Improved virological response to highly active antiretroviral therapy in HIV-1-infected patients carrying the CCR5 Delta32 deletion.HIV Med. 2007 May; 8(4):213-9.HM
Patients heterozygous for the C-C chemokine receptor 5 (CCR5) Delta32 deletion spontaneously progress less rapidly to AIDS and death than do wild-type patients. We investigated whether the CCR5 Delta32 deletion has an impact on immunological, virological and clinical responses to highly active antiretroviral therapy (HAART) in HIV-1-infected patients.
PATIENTS AND METHODS
We included in the study 565 HIV-1-infected patients from the French HIV-1 infected cohort with documented date of seroconversion (SEROCO)/haemophiliacs HIV-1 infected (HEMOCO) cohorts, who started HAART after 1996. We investigated virological responses to HAART at 6 months (defined as a plasma HIV-1 RNA measurement below the threshold of detection or a 2 log HIV-1 RNA decrease) and at 12 months (defined as a plasma HIV-1 RNA measurement below the threshold of detection) and clinical response to HAART by Kaplan-Meier survival curves, with AIDS and death as outcomes.
The Delta32 heterozygous patients (n=83; 15%) had a better virological response to HAART than wild-type patients (73 vs 53% at 6 months, P=0.01; and 60 vs 44% at 12 months, P=0.01). This better virological response was still observed after adjustment for antiretroviral status (whether or not patients were naïve to antiretroviral therapy), year of HAART initiation, number of new antiretroviral drugs and baseline viral load. There was no statistical difference between heterozygous patients and wild-type patients in terms of survival and AIDS-free survival.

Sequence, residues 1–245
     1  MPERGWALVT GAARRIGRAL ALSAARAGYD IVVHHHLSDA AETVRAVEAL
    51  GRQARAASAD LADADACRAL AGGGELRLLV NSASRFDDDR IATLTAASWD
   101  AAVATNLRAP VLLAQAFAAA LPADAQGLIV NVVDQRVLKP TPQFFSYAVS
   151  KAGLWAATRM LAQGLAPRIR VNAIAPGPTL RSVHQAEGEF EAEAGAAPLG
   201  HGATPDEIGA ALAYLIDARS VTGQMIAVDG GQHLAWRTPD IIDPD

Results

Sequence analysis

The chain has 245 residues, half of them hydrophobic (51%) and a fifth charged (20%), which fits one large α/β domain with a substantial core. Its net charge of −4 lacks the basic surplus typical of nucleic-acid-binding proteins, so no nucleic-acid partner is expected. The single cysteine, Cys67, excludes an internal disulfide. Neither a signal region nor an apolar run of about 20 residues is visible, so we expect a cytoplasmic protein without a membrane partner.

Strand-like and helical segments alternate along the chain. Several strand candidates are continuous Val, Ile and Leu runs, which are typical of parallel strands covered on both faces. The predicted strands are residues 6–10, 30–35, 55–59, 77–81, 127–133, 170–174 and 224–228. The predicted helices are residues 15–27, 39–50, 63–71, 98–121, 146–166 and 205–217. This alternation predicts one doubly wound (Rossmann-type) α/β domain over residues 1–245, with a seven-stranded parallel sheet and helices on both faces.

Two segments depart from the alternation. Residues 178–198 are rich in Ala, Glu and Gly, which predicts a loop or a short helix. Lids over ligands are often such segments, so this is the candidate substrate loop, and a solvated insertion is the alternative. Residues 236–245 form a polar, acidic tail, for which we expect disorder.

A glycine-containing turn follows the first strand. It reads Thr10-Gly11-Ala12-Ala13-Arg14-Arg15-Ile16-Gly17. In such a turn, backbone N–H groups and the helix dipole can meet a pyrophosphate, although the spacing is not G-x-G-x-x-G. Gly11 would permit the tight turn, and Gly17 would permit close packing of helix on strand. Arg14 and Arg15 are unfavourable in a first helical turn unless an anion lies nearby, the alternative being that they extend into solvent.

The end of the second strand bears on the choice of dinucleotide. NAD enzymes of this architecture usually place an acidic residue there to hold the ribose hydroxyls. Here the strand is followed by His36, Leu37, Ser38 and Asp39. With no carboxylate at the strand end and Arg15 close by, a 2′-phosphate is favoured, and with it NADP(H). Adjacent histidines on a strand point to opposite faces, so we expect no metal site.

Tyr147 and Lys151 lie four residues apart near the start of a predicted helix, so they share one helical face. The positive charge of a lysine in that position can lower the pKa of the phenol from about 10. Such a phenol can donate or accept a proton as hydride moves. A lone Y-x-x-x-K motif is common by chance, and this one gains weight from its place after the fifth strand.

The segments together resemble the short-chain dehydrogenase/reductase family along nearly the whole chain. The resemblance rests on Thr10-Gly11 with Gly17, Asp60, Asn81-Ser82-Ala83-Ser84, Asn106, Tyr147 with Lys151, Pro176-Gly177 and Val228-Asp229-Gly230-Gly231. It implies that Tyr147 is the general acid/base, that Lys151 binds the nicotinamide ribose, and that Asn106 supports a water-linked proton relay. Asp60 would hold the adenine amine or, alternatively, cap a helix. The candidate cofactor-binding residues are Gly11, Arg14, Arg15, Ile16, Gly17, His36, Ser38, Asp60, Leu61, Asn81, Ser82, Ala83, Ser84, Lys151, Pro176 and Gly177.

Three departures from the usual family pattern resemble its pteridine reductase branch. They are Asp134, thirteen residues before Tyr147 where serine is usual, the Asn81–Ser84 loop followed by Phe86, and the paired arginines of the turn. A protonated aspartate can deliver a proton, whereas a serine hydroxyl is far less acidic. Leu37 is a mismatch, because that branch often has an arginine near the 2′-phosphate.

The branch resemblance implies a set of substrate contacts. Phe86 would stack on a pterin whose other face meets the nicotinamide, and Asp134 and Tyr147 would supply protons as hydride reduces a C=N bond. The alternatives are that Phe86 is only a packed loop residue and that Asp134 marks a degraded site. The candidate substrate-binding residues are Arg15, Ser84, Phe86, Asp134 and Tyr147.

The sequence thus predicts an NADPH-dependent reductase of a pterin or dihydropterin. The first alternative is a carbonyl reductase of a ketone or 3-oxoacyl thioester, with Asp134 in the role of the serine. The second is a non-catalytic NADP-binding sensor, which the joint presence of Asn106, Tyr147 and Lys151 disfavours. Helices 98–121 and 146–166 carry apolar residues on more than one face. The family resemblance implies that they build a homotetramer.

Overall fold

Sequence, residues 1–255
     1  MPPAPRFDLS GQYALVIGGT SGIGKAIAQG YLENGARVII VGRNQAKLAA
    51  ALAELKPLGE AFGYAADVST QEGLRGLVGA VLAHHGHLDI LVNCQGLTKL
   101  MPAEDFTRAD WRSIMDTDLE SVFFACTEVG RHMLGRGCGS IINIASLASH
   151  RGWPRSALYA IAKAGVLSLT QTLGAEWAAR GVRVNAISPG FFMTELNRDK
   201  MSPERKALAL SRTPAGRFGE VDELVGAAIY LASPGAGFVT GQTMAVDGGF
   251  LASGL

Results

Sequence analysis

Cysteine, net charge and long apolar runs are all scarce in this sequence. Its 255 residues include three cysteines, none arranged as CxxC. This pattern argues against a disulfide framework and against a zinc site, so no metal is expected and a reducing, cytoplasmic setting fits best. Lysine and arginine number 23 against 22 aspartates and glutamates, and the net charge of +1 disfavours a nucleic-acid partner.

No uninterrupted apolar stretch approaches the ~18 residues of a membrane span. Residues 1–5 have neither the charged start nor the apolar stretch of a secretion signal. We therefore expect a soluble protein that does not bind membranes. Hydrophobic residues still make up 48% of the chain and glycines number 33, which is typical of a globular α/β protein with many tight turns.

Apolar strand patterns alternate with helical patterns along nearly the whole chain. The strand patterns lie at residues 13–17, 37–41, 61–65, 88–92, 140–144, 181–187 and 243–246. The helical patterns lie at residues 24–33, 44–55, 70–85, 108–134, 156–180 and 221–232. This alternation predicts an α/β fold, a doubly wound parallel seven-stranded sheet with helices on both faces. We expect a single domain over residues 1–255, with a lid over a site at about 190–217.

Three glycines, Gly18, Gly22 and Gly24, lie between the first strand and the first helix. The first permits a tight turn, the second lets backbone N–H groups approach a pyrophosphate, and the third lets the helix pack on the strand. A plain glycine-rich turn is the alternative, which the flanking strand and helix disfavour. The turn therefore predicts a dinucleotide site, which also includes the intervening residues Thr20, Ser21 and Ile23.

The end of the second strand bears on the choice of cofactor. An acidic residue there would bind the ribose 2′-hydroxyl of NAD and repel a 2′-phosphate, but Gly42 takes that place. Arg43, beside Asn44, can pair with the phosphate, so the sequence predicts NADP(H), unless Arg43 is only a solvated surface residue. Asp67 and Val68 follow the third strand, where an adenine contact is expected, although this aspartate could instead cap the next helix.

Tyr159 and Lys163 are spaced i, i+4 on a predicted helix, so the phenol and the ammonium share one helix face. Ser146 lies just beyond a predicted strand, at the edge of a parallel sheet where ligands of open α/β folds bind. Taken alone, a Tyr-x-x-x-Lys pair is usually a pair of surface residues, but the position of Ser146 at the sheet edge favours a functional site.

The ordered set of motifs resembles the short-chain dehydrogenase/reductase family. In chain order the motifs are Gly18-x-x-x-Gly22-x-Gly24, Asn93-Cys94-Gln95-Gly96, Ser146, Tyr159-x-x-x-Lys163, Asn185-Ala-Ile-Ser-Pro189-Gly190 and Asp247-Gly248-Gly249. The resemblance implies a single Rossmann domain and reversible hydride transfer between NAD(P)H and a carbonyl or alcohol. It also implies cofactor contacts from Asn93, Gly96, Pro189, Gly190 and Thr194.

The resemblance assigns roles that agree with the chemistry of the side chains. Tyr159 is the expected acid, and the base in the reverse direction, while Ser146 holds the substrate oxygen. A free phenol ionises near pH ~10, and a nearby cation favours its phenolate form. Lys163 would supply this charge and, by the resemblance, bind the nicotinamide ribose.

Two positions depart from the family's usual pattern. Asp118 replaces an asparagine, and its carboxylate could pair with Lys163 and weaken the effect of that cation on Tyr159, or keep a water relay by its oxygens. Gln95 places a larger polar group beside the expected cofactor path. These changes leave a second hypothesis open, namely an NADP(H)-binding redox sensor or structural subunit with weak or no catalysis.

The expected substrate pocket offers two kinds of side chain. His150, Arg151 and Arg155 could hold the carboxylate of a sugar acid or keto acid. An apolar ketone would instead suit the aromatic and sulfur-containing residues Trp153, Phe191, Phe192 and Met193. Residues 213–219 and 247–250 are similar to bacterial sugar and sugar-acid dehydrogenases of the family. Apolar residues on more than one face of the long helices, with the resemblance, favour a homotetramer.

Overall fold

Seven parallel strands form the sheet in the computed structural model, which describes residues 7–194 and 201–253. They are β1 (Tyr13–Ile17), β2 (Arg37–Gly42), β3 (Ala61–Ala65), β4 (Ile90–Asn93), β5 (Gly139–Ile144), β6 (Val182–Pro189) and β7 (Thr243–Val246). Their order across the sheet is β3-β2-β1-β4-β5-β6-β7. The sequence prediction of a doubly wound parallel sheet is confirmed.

CCR5 Delta32 heterozygous patients were more likely to have a virological response to HAART than wild-type patients at 6 and 12 months. However, this virological response did not produce better immunological and clinical responses. The long-term impact of the Delta32 deletion on survival in HIV-1-infected treated patients should be investigated in a meta-analysis.